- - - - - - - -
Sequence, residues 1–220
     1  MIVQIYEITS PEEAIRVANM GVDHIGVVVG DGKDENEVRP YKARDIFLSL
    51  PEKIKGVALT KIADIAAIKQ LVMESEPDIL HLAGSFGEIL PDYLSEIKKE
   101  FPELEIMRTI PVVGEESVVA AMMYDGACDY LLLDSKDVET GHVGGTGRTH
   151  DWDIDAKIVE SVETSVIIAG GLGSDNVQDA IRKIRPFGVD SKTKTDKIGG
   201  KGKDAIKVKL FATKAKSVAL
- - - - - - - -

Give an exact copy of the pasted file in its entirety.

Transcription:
Sequence, residues 1–220
     1  MIVQIYEITS PEEAIRVANM GVDHIGVVVG DGKDENEVRP YKARDIFLSL
    51  PEKIKGVALT KIADIAAIKQ LVMESEPDIL HLAGSFGEIL PDYLSEIKKE
   101  FPELEIMRTI PVVGEESVVA AMMYDGACDY LLLDSKDVET GHVGGTGRTH
   151  DWDIDAKIVE SVETSVIIAG GLGSDNVQDA IRKIRPFGVD SKTKTDKIGG
   201  KGKDAIKVKL FATKAKSVAL